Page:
Close this search box.

Stress Affects Your Body and Mind

Stress is a natural physical and mental reaction to life experiences everyone experiences it. Anything from everyday responsibilities like feeding your family to more serious life events like a car accident can trigger stress. In immediate, short-term situations, stress can benefit your health. It can help you cope with potentially serious situations.

Your body responds to stress by releasing hormones that increase your heart and breathing rates and ready your muscles to respond; however, if this response continues longer than necessary for survival, it can take a toll on your health.

Chronic stress can cause even more symptoms affecting your overall well-being, such as irritability, anxiety, depression, headaches, or insomnia.

Central Nervous & Endocrine Systems

Your central nervous system (CNS) controls your “fight or flight” response: In your brain, the hypothalamus tells your adrenal glands to release the stress hormones adrenaline and cortisol. They rev up your heartbeat and rush blood to the areas that need it most in a crisis (muscles, heart, etc.).

When the perceived fear is gone, the hypothalamus should tell all systems to return to normal. If the CNS fails to normalize or the stressor remains, then the response continues.

Respiratory & Cardiovascular Systems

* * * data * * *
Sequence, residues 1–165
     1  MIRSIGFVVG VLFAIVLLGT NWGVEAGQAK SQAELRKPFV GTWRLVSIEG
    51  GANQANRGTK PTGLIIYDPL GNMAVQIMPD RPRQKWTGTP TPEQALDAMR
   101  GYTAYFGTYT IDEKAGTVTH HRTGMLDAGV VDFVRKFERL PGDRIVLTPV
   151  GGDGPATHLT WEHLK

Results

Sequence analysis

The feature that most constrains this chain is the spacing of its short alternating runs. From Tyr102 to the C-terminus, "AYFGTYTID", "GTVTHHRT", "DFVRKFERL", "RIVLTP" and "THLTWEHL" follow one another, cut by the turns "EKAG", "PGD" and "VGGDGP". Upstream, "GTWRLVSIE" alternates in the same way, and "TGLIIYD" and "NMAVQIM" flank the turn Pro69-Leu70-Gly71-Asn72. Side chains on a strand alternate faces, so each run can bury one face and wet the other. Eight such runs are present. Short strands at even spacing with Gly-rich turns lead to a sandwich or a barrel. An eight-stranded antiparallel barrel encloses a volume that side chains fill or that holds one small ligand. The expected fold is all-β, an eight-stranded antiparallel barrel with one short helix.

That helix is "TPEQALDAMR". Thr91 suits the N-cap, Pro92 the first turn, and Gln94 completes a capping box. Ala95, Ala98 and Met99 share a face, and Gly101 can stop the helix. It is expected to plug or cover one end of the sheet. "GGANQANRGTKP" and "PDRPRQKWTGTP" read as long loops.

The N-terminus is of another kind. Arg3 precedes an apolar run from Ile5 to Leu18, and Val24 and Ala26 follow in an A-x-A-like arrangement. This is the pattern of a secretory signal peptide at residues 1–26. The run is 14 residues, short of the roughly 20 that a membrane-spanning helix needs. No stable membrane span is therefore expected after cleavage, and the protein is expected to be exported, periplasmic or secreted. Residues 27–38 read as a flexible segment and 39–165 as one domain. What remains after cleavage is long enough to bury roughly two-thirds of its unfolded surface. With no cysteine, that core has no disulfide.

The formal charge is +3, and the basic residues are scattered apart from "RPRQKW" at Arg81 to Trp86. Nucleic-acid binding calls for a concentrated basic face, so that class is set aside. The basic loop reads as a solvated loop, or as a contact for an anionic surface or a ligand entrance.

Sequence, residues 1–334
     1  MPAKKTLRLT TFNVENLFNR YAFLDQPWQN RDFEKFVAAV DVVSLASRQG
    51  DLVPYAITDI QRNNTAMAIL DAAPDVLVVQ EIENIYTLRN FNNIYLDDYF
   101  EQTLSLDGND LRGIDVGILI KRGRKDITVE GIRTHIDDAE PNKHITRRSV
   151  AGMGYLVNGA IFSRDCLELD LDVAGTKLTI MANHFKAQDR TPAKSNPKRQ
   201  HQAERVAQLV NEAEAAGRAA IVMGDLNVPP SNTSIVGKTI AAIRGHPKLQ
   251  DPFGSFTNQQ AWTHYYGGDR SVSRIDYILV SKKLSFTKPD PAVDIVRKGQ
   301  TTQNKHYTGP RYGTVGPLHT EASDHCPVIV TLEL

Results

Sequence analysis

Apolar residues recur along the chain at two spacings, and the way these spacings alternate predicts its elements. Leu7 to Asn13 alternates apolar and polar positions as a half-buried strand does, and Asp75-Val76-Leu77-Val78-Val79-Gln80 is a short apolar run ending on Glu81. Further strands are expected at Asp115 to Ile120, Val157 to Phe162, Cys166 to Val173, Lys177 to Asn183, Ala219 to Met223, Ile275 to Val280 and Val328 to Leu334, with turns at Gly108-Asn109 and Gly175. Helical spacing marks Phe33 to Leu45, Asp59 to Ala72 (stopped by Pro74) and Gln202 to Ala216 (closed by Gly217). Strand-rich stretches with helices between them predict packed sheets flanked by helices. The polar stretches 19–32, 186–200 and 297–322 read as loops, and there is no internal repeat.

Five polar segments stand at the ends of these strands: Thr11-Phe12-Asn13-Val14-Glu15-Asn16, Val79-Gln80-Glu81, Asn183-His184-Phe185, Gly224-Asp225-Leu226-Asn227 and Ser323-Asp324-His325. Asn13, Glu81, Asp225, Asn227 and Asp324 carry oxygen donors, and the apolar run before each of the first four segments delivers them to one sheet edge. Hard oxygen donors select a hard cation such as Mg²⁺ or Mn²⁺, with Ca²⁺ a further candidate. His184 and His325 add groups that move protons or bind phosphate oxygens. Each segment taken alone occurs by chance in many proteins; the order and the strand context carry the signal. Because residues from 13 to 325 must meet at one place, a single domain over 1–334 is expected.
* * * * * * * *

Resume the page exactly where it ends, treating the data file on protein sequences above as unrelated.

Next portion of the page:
Stress hormones affect your respiratory and cardiovascular systems. During the stress response, you breathe faster to quickly distribute oxygen-rich blood to your body. If you already have a breathing problem like asthma or emphysema, stress can make it even harder to breathe.

Under stress, your heart also pumps faster. Stress hormones cause your blood vessels to constrict and divert more oxygen to your muscles, so you’ll have more strength to take action. But this also raises your blood pressure.

Frequent or chronic stress can cause high blood pressure, which causes your heart to work harder. When the heart works too hard for too long, you are at increased risk for heart attack and stroke.

Digestive System

Under stress, your liver produces extra blood sugar to give you more energy. If you’re under chronic stress, your body may not be able to keep up with this surge. Chronic stress may increase your risk of developing type 2 diabetes.